House Republicans' 'fiscal cliff' gripe: When will we ever get spending cuts? (+video)
What riles House Republicans isn't the taxes on the rich in the Senate's 'fiscal cliff' bill, it's the absence of significant spending cuts. But changes at this late date could scuttle the bill.
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What it does not do is make significant spending cuts – a key campaign promise for most House Republicans, especially those in the freshman “tea party” class. It delays the first installment of the sequester – the $110 billion set to kick in this year – for two months.Skip to next paragraph
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“I’m not willing to sacrifice the right answer for the politically expedient answer, not yesterday and not today,” says freshman Rep. Rob Woodall (R) of Georgia, who is calling for deeper spending cuts.
On Dec. 21, Speaker Boehner was forced to abandon his own “Plan B” to resolve the fiscal cliff, which proposed extending tax breaks on income below $1 million. At least 50 members of the GOP caucus opposed that move, some say considerably more. “We weren’t within two or three,” quips Rep. Tom Cole (R) of Oklahoma, the deputy whip.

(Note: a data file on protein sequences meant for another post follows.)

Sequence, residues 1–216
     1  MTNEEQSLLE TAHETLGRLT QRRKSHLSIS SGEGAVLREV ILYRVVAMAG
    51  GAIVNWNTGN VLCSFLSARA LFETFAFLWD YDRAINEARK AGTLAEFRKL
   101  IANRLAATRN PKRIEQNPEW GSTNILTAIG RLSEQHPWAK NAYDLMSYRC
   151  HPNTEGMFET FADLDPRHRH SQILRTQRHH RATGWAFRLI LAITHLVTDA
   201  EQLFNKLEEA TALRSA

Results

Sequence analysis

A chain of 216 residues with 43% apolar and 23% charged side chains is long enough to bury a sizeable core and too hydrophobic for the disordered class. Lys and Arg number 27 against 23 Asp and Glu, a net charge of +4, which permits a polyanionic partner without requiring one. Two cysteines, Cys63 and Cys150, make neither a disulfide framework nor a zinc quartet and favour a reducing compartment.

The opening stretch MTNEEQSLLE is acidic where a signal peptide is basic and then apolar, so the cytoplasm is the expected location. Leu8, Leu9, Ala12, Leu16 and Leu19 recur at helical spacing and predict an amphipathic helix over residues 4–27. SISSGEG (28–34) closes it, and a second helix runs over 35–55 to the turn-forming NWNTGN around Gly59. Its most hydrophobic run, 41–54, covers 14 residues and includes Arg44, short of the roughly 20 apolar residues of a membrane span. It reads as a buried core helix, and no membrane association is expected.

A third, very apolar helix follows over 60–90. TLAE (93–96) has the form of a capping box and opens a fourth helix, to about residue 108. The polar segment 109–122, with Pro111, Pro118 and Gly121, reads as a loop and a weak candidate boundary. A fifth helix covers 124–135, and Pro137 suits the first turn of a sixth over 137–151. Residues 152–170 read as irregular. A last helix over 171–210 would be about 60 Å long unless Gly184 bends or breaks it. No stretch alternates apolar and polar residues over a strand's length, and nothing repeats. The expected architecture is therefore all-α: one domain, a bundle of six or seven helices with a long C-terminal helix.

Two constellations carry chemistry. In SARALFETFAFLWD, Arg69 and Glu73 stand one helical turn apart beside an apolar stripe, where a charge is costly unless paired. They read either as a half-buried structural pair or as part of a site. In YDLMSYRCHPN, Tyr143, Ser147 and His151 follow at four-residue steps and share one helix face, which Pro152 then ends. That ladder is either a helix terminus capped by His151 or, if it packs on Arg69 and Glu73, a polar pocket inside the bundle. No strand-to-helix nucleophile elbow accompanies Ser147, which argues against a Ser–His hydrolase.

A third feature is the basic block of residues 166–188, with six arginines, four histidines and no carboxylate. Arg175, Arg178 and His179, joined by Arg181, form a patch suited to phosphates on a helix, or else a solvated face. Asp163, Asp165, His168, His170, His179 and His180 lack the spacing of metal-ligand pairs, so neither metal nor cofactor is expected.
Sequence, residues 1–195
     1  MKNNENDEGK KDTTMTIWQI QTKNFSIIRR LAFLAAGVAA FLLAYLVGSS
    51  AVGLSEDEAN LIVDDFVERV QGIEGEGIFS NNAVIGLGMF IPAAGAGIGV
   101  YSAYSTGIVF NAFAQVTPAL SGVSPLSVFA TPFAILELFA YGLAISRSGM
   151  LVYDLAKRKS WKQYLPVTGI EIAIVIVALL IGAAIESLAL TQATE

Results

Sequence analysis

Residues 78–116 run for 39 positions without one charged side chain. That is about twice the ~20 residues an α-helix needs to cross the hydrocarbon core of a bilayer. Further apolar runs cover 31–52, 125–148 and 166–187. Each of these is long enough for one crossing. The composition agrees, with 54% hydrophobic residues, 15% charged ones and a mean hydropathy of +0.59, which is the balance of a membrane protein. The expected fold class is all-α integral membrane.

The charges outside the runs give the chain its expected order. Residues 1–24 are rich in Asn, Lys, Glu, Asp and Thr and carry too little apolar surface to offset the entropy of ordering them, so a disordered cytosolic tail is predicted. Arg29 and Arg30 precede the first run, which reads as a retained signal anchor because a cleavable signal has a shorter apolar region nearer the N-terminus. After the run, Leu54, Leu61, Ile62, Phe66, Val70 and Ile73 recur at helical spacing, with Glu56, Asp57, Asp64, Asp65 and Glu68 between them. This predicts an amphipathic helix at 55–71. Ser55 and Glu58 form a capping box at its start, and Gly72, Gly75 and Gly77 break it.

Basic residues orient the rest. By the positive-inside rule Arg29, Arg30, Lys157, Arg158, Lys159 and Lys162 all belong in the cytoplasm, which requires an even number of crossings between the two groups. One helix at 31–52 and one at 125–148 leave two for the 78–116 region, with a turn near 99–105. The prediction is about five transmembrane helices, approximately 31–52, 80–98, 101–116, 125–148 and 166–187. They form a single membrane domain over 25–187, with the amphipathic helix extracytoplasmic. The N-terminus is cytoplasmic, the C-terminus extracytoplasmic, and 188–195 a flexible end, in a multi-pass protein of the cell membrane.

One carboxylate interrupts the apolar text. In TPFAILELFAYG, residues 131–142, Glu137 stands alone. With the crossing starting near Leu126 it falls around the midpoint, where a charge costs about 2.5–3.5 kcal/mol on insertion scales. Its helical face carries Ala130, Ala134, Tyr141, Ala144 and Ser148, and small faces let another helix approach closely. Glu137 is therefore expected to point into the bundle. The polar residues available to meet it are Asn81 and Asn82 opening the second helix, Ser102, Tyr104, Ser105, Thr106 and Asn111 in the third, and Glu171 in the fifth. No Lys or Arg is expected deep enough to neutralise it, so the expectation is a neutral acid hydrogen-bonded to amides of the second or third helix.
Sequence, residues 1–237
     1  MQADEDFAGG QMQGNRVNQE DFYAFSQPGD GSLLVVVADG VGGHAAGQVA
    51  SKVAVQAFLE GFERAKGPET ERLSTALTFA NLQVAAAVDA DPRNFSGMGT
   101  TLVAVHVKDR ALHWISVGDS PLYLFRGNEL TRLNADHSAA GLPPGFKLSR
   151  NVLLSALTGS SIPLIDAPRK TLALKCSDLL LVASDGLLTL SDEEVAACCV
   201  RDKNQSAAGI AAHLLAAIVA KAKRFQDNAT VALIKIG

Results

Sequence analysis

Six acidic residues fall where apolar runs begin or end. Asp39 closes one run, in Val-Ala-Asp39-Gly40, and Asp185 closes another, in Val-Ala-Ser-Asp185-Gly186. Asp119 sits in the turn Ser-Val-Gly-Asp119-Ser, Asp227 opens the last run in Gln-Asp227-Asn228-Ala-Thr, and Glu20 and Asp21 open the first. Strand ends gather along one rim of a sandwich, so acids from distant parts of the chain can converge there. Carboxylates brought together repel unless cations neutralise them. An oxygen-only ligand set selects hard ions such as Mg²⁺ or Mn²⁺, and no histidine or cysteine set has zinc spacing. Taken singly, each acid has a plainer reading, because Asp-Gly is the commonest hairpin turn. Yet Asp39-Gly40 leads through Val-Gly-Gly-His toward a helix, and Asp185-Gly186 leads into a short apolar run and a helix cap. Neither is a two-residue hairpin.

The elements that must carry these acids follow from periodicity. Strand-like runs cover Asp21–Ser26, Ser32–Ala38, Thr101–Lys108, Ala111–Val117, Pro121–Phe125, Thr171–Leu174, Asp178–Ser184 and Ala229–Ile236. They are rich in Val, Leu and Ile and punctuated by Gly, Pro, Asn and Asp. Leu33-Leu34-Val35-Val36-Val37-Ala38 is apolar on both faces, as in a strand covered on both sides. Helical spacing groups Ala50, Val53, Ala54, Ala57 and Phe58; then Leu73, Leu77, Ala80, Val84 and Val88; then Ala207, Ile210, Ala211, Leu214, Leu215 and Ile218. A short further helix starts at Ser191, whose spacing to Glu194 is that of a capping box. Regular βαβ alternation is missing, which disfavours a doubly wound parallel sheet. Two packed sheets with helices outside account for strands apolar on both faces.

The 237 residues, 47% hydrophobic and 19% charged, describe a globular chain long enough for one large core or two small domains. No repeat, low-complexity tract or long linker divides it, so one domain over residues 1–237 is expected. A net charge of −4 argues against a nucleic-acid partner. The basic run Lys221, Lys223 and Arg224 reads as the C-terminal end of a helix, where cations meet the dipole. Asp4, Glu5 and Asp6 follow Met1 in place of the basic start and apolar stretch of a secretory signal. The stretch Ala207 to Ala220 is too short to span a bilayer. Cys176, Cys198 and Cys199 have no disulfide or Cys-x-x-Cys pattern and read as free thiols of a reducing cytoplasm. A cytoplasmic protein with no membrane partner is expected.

But his approach to the caucus now is on a different basis, say Republicans exiting the closed caucus meetings Tuesday. Boehner is telling Republicans that this is not his plan, it is the Senate’s bill, and it’s up to House Republicans to work together to find the best way forward.
“The question is: Do we fight it now or do we wait for the debt limit?” says Rep. Spencer Bachus (R) of Alabama, noting that the debt limit must be raised again early in 2013. “I think we need at least to make a statement [on spending cuts], but we need 218 votes and are concerned about the [stock] market.”
Democrats, too, are worried about aspects of the Senate bill, especially extending tax breaks for income up to $450,000 and sheltering estates worth $5 million from the estate tax. On tax breaks, most Democrats favored a cutoff at $250,000. On Tuesday, Vice President Joe Biden met behind closed doors with House Democrats to beef up support.
“The United States Senate voted in an uncharacteristically, very strong, bipartisan way – 89 votes in favor of compromise legislation,” she said. “That was historic. That legislation was sent over to the House, up until our speaker has said: 'When the Senate acts, we will have a vote in the House.' That is what he said. That is what we expect.”